In response to the resulting market disorder, the U.S. Federal Reserve and other leading central banks have moved with a forcefulness that we find commendable.

Market Perspectives

Transcript

KEVIN:
Hi, I’m Kevin Barr, Head of SEI’s Investment Management Unit. I’ve asked Jim Solloway, Chief Market Strategist and Senior Portfolio Manager in SEI’s Portfolio Strategies Group, to join me today. Jim I’d like to start with your thoughts on the current state of the global economy.

JIM:
Thanks Kevin. The sudden and widespread stop in economic activity brought about by COVID-19’s spread is something that has never been experienced on such a scale in our lifetime. 

In response to the resulting market disorder, the U.S. Federal Reserve and other leading central banks have moved with a forcefulness that we find commendable.

The fiscal response has also unfolded with a speed and decisiveness that has seldom been seen. The U.S. Congress has passed into law a fiscal response that should top 10% of gross domestic product. 

KEVIN:
Despite the central bank action, stock prices have fallen hard.

JIM: 
Financial markets have been forced to recalibrate prices sharply as expectations about different industries and the overall economy shift at a breakneck pace.

Investors, though, should gain some reassurance from the fact that the economic recession and accompanying collapse in earnings is only expected to last a couple quarters. In the meantime, governments in the U.S. and elsewhere will do all they can to support their economies and ensure the smooth functioning of the financial markets.

KEVIN:
So what are you thinking in terms of recovery?

JIM:
Only time will tell whether markets have sufficiently discounted the pain that lies immediately ahead. We have to be prepared to see earnings come down hard–maybe 40%-to-50% on a year-over-year basis–in the next two quarters. As the economy ramps back up, profits should rebound dramatically.

If market prices are based on investors’ long-term, multi-year expectations, then this near-term fallout should represent a relatively small part of the market’s forward-looking focus.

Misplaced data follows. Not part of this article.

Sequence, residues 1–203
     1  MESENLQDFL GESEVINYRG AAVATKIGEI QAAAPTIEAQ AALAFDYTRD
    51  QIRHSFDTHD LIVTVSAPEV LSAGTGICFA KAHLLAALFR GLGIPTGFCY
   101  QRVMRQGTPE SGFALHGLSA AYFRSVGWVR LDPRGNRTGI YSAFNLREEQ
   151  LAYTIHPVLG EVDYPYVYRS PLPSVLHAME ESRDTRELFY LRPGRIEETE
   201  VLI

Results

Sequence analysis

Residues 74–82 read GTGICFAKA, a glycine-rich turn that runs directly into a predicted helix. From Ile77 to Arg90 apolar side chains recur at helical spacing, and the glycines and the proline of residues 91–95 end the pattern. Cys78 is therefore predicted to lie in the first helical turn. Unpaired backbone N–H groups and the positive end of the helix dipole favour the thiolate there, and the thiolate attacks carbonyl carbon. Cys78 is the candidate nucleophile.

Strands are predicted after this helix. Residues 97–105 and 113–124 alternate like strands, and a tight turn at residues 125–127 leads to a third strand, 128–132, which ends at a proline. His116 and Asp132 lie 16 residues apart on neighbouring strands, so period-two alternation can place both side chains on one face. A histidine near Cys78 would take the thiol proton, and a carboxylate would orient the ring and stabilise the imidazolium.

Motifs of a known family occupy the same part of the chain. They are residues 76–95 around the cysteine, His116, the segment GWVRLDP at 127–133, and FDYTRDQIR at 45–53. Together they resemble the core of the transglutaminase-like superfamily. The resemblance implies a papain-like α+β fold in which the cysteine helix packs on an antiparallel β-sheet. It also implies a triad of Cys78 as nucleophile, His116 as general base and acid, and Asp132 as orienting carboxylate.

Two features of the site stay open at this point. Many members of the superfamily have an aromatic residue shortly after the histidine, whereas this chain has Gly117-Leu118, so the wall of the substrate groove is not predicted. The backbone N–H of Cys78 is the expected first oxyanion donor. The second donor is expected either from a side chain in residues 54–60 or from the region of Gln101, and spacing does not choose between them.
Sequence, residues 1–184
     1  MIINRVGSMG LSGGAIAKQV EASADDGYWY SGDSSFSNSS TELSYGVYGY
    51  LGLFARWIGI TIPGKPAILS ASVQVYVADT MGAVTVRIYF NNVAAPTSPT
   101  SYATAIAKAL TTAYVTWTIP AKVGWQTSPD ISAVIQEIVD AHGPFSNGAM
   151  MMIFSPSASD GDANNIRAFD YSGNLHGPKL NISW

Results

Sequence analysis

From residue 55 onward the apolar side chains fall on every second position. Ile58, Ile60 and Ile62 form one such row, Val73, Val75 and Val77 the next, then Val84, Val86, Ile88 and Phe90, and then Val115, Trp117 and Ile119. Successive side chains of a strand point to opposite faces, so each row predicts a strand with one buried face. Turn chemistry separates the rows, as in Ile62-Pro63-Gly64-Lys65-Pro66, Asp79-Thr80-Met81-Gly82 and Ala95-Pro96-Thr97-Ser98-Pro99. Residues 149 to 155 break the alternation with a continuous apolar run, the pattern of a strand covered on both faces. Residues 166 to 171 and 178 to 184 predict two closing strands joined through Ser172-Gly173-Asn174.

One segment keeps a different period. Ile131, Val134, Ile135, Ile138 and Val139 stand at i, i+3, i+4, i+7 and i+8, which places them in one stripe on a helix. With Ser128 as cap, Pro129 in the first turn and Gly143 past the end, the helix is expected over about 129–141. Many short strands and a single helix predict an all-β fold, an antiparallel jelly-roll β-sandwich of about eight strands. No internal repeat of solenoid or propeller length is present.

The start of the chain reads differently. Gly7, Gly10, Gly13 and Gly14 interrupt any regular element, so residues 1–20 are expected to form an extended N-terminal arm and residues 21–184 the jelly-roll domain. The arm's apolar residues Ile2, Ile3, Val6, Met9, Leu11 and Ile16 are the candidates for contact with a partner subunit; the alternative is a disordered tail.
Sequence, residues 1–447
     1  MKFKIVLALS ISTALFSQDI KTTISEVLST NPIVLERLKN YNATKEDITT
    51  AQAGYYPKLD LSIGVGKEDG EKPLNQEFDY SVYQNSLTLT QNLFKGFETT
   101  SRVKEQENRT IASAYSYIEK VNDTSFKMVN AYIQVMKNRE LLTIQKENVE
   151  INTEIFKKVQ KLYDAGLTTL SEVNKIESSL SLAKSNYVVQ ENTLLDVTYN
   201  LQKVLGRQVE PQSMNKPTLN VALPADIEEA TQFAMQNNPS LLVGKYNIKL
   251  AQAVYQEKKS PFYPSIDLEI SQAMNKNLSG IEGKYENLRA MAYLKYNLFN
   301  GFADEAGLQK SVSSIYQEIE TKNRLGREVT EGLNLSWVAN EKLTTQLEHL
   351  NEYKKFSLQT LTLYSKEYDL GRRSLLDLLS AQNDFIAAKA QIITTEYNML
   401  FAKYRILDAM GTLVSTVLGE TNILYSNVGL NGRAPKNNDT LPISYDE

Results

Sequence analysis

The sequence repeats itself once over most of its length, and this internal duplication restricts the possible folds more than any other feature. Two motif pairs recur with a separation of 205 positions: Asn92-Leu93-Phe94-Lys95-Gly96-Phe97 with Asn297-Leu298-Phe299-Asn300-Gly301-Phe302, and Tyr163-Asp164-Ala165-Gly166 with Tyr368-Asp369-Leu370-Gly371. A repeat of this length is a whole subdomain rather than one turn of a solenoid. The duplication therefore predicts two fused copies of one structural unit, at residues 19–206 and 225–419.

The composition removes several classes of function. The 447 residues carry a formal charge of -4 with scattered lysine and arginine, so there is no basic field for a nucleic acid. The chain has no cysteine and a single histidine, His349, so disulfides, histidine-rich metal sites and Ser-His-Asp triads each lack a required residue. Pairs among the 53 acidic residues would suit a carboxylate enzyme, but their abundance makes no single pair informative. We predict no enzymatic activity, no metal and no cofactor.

KEVIN:
Despite the extraordinary magnitude of the drop in economic activity, do you think the depth and duration of the stock market’s pullback will look more like those of a typical recession?

JIM:
While the cause of the economic disruption is certainly unusual, particularly for those in developed countries, it’s worth remembering that significant market drawdowns are fairly common in equity markets, as are the eventual recoveries.

If there is a belief that the fiscal and monetary measures taken in recent weeks will successfully prop up the global economy, then markets should prove resilient. Months before the recession ends, investors will likely begin to bid stock prices sustainably higher in anticipation of an economic recovery, as they almost always do.

KEVIN:
Do you think this environment is a good time for active management?

JIM:
I do. Keep in mind that we favor a strategic, long-term approach to investing. We encourage investors to stay diversified and avoid short-term trading in these volatile markets. You hear our team express the opinion again and again that buying and selling during a time of intense uncertainty is not a good way to manage a portfolio. 

At SEI, we are sticking to our view that diversification is a sound approach in bull markets and bear markets. We believe in patience and remain confident that markets will eventually recover.

KEVIN:
Thank you, and stay safe.

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Disclosure:
This material represents an assessment of the market environment at a specific point in time and is not intended to be a forecast of future events, or a guarantee of future results. This information should not be relied upon by the reader as research or investment advice. This information is for educational purposes only.

There are risks involved with investing, including loss of principal. International investments may involve risk of capital loss from unfavorable fluctuation in currency values, from differences in generally accepted accounting principles or from economic or political instability in other nations. Emerging markets involve heightened risks related to the same factors as well as increased volatility and lower trading volume.

Information provided by SEI Investments Management Corporation, a wholly owned subsidiary of SEI Investments Company.